Usually when I start with the blindingly obvious its to get it out of the way so we can discuss something interesting instead. Not here, though. Grand Slam were the band that Phil Lynott began after the demise of Thin Lizzy. That’s the boring bit. The thing is, though, watching the new look version – guitarist Laurence Archer is the only original left – the spectre of Lynott’s sound is never far away. “Hit The Ground” (their first proper release in 2019) was full of the legacy, albeit with a desire to push it forward too. “Gone Are The Days” is without a doubt their stand out moment, played first here, it is a fine example of what the band can do. Tonight playing as a five piece with FM’s Jem Davis playing keyboards, its clear that Grand Slam aren’t here just for nostalgia. “19” and the title track of “…Ground” are superb, and their take on “Dedication” is lovingly – and well – done. Mike Dyer, the band’s frontman is very much the focal point. A background in the theatre has clearly prepared him for this and he is a magnetic presence. Gelling well with Archer (who has always been an underrated guitarist) on “Crime Rate” in particular. The cover of “Military Man” is rather more prescient than anyone would want, and the dark themes in what they do are shown again in “Sisters Of Mercy”. Grand Slam are a band who have much to say, much to offer and appear ready to deliver on it all.

Being a band like FM must be a tricky thing.

Nuneaton is pretty packed by the time the intro tape they’ve had for years about welcoming the mighty FM” hits, but with that comes responsibility.

What I mean is, they’ve just released “13”. A brilliant record (and I don’t think FM know how to make a bad one to be fair) but they also know what’s expected – and that means a career spanning set.

And, as always, FM deliver. Goodness me, they are simply put, the best band of their type in the world. And for just over an hour and a half in this corner of Warwickshire, they underline that.

“Synchronised” – the title cut of their 2020 record – starts things off and it serves to remind that particular album was never really toured, but from there they are straight into “Bad Luck.” It is MV’s unshakeable belief that “…Luck” is the finest song that Bon Jovi never wrote (and is a damn site better than a lot they did!) and they double up on the classic 80s stuff with “Don’t Stop”.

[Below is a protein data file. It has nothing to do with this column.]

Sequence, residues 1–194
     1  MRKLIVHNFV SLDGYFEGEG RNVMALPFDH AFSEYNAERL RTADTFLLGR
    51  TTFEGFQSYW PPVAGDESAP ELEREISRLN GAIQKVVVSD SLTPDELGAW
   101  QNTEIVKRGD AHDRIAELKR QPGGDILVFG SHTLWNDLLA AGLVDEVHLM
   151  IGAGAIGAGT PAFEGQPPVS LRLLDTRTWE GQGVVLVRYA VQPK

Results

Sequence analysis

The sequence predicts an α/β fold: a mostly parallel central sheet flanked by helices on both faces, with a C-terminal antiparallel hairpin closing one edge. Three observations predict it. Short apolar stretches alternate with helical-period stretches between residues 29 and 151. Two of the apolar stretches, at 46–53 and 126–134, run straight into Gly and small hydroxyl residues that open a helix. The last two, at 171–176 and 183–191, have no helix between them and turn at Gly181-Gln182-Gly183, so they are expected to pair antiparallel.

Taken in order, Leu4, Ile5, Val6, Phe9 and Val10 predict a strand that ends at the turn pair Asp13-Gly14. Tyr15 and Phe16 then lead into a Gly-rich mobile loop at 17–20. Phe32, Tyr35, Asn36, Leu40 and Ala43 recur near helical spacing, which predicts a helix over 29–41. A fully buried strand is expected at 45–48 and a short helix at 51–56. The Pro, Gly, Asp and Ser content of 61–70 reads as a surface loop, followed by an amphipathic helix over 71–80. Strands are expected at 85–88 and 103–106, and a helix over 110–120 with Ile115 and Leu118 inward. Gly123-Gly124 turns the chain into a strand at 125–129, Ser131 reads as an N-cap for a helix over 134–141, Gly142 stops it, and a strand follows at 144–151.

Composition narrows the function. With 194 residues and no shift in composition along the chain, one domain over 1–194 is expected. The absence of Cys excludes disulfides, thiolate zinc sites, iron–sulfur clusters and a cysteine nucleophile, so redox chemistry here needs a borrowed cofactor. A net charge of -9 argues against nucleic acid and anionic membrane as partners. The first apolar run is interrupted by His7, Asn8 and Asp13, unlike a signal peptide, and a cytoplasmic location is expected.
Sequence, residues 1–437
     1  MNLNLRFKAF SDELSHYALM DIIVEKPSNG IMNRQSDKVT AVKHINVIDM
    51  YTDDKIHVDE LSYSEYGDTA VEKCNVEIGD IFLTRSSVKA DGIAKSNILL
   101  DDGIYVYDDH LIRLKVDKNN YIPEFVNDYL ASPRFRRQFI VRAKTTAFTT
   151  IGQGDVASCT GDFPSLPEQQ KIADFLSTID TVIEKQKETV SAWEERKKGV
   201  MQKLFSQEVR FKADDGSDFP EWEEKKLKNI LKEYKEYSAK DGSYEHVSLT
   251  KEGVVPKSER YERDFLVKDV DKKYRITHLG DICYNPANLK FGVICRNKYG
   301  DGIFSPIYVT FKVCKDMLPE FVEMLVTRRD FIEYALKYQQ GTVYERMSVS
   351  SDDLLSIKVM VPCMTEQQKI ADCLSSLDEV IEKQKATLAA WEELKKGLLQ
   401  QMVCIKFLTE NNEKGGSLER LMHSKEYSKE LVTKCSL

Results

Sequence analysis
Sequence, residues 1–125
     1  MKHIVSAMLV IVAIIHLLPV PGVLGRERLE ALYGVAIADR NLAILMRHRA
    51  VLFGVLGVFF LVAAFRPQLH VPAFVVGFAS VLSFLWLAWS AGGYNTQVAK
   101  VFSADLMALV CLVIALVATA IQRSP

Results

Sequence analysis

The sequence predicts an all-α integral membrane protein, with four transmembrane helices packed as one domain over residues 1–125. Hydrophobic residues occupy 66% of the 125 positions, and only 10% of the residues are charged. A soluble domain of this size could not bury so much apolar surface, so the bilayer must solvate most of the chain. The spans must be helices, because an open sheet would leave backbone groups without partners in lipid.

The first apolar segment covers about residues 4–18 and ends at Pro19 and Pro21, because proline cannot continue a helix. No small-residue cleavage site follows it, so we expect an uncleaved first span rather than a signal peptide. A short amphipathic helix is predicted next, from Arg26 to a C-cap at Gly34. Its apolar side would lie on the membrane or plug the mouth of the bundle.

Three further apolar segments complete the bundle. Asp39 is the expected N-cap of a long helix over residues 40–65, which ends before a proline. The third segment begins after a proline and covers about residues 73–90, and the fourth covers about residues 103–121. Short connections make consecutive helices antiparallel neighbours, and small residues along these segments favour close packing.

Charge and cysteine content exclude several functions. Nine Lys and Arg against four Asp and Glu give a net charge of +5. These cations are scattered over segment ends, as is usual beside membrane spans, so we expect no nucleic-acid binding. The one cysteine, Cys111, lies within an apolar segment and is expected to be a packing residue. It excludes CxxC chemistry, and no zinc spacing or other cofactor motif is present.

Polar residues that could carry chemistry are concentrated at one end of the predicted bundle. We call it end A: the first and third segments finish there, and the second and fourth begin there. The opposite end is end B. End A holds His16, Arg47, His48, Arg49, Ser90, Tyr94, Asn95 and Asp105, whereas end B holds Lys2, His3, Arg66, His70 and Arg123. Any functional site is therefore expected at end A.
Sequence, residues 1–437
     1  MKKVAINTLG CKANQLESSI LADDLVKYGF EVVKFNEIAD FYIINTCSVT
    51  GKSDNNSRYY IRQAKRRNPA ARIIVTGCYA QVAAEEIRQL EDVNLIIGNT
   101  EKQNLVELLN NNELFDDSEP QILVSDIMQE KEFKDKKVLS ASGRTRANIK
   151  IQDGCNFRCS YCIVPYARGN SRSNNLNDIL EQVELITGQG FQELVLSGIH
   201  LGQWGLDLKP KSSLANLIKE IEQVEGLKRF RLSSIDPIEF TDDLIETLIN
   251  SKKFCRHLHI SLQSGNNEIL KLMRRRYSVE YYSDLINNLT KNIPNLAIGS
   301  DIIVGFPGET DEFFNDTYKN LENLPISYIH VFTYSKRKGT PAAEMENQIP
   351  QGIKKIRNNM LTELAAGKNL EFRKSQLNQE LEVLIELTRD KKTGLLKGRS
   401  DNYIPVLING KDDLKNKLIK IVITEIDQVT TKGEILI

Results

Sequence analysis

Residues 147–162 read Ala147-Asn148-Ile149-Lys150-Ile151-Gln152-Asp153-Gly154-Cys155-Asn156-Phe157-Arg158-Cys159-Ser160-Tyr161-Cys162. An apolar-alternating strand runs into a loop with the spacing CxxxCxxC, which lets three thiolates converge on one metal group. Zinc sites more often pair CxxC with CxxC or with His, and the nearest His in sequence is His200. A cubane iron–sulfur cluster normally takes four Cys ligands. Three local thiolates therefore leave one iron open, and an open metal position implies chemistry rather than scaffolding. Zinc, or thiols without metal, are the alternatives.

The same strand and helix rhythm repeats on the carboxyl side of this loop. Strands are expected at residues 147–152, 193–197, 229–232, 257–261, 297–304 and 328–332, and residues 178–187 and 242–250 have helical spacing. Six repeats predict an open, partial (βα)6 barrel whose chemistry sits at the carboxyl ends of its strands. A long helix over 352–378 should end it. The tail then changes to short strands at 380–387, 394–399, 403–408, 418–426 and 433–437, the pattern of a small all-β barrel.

But in truth it doesn’t matter what they play, they just do it so well. “Crosstown Train” sees Jim Kirkpartrick (and its difficult to imagine FM being so good without their lead guitarist) and Steve Overland do some real Thin Lizzy style guitar. That segues into “Long Road Home”, which Overland says is his “favourite song of ours for a long, long time” and which shows the new album in a brilliant light.

There’s a couple dusted off in the middle that haven’t been played for a while. “Crack Alley” in particular is impressive and shows the depth of their back catalogue, but let’s be honest, “That Girl”, I Belong To The Night” and “Tough It Out” amounts to something akin to a perfect hat-trick.

Their faith in the new album is shown by the fact that “Turn This Car Around” ends the set, and it’ll stay in the set too.  Better live than on record, with its “yeah yeah” bit made for participation, this is a band playing better than ever.

And they, I’d wager, are enjoying it more than ever too. Look at Steve Overland, the best voice in rock never stops smiling here, and when he does his calling card of “Story Of My Life”, he gives a masterclass.

“Blood And Gasoline” is in the encore unexpectedly, but “The Other Side Of Midnight” is always there and always welcome.

So yes, it’s a difficult balancing act, but FM get the balance right. In fairness, though, they never get anything wrong and to watch them, honestly, is to watch the absolute Premier League of melodic rock.